CHRISTIAN Paradis, Minister of International Development, on Wednesday announced up to $5 million in additional support for the deployment of relief supplies from Foreign Affairs, Trade and Development Canada’s (DFATD) emergency stockpile to meet the immediate needs of people most affected by Typhoon Haiyan.

“DFATD maintains stockpiles of emergency relief supplies to help meet the most critical humanitarian needs, including safe drinking water, emergency shelter, and hygiene and sanitation support,” said Paradis. “Canada has been in close contact with our humanitarian partners on the ground, and we are deploying these critical supplies now that they are able to receive and distribute them to those in need across the country.”

DFATD’s emergency stockpile is managed by the Canadian Red Cross Society, and will be deployed to meet the needs of affected people in the hardest-hit regions of the Philippines.

Canadian non-governmental organizations on the ground with the necessary capacity will ensure further distribution of tents, blankets, water purification tablets, shelter kits, and other essential items for as many as 5,000 families, or 25,000 people. Médecins Sans Frontières / Doctors without Borders (MSF), CARE Canada, and Save the Children Canada are working in close coordination with the wider humanitarian community, including the Government of Philippines and the United Nations, and will distribute the relief supplies where they are most needed.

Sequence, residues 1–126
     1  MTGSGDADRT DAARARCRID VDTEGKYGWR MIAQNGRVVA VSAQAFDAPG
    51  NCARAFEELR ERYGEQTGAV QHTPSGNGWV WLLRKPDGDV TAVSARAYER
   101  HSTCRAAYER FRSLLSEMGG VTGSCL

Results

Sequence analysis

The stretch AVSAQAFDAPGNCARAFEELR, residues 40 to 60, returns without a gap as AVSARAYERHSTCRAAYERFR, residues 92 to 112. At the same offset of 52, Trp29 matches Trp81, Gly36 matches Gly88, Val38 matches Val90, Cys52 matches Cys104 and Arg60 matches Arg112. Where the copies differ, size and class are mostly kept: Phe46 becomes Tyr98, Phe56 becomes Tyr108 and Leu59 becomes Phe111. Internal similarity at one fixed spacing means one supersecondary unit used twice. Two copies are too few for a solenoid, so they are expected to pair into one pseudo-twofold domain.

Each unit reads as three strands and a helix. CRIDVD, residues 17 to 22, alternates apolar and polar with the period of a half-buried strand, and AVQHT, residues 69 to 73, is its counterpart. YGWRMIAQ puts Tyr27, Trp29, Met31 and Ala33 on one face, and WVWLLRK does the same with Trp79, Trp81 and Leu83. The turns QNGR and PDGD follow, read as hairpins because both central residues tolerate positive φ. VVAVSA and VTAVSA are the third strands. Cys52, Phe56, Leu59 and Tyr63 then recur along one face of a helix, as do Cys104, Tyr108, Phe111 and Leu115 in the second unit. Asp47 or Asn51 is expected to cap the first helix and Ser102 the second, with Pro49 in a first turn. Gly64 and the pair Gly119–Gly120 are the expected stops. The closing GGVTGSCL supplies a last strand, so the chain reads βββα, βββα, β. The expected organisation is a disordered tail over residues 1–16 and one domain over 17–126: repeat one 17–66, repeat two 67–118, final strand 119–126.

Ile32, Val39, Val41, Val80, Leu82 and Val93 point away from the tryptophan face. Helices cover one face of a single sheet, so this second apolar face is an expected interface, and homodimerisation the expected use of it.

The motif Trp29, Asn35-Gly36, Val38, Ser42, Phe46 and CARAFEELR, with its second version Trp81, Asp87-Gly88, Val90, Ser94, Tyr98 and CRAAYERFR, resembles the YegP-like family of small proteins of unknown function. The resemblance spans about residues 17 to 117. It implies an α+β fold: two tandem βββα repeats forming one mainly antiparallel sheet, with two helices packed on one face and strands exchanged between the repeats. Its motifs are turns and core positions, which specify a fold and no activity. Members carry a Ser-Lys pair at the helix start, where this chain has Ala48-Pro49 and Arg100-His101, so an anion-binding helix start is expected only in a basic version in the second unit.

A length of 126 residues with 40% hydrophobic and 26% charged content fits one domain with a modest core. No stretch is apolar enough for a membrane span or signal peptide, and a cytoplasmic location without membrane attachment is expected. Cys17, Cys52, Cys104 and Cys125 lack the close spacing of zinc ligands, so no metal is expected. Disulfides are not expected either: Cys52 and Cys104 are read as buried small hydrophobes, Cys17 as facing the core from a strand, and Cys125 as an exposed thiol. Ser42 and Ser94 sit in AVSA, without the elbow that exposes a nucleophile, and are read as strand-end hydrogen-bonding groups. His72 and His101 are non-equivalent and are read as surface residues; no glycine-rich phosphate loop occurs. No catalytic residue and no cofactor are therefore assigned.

Currently, an estimated 13 million people have been affected by Typhoon Haiyan in nine regions across the Philippines, and more than 4 million people are known to be displaced. The number of casualties continues to increase. Many cities have experienced widespread destruction, with more than one million houses damaged. Electricity and water supplies are not functioning in many affected areas.

Canada will be sending up to 3,000 tents, 16,000 blankets, nearly 1.3 million water purification tablets, 5,000 shelter kits, 19,996 jerry cans, 19,750 tarps, and 4,400 buckets to meet the basic needs of a minimum of 5,000 families, or 25,000 people, for three months.

The Government of Canada has outlined the details of $20 million in support of humanitarian organizations striving to meet the needs of the people affected by Typhoon Haiyan in the Philippines.